The Emergence of Human Culture

The Emergence of Human Culture

The Emergence of Human Culture

The Emergence of Human Culture

Excerpt

The question of man's place in the system of living nature has long been one of absorbing human interest. The problem presents special difficulties because of the fact that the answer touches upon man's estimate of his own basic worth. Whether we be scientists or laymen, the theme is likely to arouse within us two more or less conflicting mental attitudes. The one is in harmony with the view that man is merely the most complex and intelligent animal that has been evolved to date. The other inclines us to think of man as a being set apart from the brute creation--unique in both nature and destiny. The first of these views satisfies our intellectual demand for continuity and unity in the natural order, whereas the second makes appeal to our emotional self-conceit.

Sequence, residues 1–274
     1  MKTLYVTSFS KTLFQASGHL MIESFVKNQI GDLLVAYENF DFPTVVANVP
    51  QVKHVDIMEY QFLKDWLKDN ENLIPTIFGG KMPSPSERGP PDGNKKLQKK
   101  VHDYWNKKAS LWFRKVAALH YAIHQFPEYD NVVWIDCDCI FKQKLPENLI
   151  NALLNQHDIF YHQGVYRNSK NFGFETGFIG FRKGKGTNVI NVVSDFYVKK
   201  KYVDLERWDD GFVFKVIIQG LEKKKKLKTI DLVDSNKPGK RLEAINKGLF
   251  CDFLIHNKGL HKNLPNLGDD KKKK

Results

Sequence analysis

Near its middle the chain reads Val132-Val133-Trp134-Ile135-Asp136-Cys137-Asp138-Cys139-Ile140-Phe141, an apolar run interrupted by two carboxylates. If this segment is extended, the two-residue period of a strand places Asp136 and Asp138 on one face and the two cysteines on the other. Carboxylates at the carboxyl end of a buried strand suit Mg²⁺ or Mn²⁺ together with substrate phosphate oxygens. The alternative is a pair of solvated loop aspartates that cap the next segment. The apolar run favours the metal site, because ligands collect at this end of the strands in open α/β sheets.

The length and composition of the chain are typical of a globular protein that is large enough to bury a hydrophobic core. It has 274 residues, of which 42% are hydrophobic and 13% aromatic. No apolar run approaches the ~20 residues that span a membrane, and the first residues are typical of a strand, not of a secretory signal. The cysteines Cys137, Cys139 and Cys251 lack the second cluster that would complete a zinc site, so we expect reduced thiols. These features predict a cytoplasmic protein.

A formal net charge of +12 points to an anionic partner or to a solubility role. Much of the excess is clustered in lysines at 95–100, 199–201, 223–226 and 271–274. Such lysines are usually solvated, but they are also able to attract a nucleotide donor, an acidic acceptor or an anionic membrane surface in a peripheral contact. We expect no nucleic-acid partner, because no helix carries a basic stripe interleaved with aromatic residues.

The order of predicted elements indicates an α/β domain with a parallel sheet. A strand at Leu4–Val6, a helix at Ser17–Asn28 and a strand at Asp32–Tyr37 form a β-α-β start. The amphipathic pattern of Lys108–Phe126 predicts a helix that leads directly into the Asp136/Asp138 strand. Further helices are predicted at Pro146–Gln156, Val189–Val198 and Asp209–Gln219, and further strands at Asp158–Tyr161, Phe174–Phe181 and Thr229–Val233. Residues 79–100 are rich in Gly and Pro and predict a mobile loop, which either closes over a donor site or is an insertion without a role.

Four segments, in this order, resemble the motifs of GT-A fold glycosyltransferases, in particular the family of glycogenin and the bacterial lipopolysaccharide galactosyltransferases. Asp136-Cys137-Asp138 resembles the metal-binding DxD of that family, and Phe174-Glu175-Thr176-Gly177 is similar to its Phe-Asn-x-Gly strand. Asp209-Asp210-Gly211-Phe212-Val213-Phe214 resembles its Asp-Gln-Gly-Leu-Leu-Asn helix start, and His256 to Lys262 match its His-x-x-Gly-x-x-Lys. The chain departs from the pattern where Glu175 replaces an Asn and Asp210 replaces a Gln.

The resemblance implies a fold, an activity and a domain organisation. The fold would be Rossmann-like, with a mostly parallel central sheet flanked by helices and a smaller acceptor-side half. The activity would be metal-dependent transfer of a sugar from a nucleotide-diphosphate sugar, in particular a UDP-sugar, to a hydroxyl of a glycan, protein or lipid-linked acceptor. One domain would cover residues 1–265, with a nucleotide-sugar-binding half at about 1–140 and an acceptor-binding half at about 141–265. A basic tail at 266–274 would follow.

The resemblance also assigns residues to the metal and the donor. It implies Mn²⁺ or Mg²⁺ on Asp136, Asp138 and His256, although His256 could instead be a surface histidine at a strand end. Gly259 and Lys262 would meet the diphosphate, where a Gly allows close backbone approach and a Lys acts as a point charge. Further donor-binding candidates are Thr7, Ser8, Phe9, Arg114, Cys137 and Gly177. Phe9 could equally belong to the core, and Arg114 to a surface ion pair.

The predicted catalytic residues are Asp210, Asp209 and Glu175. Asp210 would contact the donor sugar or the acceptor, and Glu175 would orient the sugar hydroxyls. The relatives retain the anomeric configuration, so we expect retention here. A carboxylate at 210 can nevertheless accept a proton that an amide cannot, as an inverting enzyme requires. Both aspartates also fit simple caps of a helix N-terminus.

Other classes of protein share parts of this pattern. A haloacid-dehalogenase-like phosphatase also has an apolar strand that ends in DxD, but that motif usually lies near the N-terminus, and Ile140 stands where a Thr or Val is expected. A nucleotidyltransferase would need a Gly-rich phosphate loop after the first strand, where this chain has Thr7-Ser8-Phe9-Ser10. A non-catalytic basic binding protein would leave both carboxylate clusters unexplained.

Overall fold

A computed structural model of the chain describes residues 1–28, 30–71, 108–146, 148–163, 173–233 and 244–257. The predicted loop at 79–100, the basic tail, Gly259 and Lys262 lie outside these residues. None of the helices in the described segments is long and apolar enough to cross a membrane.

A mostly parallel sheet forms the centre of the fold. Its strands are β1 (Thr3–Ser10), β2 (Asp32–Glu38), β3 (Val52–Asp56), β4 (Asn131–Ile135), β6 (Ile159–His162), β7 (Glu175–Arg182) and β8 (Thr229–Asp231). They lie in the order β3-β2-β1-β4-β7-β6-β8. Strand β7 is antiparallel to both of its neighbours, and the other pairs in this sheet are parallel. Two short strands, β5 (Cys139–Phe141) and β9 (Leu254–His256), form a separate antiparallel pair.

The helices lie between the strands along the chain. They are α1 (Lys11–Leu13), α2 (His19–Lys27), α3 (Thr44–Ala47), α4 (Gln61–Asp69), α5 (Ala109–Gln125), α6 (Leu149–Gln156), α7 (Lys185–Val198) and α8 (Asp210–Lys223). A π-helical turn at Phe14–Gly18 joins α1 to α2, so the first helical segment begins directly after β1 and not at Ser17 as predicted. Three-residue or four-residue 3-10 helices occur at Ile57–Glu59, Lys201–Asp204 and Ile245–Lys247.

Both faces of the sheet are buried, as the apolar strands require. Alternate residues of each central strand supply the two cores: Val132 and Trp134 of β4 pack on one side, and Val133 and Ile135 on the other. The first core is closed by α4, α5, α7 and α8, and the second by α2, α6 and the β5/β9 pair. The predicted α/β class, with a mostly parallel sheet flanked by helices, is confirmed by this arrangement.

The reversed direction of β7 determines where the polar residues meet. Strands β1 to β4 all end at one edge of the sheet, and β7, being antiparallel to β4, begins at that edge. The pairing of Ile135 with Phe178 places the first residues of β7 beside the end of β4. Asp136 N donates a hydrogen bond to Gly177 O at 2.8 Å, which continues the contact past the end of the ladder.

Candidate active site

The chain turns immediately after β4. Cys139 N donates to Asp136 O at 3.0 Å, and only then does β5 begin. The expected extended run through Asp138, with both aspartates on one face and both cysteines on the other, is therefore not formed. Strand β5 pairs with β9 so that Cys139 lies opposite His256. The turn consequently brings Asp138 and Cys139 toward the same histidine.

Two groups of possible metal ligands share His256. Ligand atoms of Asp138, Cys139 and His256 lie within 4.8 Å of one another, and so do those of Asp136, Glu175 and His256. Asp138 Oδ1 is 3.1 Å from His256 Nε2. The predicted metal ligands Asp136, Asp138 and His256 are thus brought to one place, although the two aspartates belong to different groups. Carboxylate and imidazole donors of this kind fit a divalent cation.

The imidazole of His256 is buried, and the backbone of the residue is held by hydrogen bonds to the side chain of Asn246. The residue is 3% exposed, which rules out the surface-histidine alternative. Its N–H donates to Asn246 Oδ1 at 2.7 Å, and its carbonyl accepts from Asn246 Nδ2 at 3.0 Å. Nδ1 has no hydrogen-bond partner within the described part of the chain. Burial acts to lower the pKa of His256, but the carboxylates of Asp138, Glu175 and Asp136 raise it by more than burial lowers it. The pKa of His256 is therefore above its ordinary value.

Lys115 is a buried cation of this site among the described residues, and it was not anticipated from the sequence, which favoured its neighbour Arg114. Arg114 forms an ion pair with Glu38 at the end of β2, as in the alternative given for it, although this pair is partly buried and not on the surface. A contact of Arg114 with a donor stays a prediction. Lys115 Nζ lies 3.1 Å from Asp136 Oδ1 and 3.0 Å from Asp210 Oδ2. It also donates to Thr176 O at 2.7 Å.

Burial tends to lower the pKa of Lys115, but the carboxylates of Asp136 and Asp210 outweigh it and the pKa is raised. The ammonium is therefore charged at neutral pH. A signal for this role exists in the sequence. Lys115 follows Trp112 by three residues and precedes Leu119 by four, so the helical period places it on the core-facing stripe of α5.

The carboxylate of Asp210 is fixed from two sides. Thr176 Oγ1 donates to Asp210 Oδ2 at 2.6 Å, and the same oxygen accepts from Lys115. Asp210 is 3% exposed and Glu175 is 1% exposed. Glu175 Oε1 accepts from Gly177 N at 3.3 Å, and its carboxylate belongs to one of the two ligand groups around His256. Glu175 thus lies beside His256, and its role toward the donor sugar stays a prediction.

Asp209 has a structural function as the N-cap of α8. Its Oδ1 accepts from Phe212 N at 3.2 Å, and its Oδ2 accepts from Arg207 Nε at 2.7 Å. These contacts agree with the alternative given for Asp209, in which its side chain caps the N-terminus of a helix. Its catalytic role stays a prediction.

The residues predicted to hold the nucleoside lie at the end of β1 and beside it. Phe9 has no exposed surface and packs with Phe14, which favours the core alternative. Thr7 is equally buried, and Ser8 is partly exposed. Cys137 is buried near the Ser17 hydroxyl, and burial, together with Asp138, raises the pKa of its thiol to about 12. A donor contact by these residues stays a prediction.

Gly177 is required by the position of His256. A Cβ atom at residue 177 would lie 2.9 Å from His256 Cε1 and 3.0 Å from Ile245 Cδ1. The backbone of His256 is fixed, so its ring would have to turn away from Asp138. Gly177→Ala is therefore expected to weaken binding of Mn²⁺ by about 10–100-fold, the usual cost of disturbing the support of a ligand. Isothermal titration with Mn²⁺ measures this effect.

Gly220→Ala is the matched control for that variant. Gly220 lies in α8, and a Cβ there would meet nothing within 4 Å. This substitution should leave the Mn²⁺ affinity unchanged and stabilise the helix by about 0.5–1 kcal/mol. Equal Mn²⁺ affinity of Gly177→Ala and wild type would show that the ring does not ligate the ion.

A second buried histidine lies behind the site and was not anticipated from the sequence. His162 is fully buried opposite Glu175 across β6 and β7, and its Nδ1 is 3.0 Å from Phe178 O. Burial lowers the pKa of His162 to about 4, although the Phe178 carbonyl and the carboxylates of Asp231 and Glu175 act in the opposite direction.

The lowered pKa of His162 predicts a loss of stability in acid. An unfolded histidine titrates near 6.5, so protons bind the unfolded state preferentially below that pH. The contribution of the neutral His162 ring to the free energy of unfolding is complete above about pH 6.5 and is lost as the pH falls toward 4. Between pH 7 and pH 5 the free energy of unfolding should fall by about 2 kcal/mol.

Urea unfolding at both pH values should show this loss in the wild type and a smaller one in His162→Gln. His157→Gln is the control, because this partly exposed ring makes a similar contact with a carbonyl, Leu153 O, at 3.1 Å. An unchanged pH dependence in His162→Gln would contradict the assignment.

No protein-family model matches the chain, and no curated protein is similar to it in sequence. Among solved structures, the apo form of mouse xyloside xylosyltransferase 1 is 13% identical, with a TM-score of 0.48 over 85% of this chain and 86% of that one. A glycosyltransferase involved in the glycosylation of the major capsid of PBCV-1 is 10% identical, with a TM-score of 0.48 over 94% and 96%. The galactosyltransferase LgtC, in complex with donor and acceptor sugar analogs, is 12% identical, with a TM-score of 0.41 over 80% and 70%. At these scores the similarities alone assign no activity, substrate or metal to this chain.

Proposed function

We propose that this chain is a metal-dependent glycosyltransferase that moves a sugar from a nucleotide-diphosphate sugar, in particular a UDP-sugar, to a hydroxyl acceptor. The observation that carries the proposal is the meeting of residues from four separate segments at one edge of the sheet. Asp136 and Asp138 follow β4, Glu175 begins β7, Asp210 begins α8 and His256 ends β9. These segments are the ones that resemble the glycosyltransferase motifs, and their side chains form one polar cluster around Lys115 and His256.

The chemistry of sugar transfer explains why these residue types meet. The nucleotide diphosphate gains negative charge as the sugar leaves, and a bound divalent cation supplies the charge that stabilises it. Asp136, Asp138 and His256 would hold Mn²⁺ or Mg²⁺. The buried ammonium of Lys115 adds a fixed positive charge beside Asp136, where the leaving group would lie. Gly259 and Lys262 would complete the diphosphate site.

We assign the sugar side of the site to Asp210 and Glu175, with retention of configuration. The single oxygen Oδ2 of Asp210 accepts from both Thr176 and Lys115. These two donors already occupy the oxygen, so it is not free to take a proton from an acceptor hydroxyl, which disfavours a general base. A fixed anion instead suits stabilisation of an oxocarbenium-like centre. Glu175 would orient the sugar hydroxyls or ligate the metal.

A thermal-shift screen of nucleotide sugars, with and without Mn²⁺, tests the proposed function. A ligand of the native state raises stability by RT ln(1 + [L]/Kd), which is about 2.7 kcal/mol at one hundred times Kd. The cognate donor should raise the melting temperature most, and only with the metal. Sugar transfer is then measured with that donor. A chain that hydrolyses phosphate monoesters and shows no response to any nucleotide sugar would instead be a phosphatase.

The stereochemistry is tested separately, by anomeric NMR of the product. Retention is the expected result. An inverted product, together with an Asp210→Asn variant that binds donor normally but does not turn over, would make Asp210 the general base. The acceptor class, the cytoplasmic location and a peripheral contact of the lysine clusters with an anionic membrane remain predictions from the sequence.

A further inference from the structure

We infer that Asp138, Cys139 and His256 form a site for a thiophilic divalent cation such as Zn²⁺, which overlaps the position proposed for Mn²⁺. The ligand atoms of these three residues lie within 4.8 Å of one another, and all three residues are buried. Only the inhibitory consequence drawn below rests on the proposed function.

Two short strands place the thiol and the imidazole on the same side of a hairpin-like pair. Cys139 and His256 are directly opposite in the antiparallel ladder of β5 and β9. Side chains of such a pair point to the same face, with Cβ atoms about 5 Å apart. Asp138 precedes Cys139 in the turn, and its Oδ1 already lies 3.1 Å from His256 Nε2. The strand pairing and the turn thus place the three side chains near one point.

The notion that man is a mere animal has gained wide acceptance in scientific circles since the time of Darwin. The reason for this is not far to seek. The biologist has shown that man is a vertebrate--along with the fishes, amphibians, reptiles, birds, and mam-

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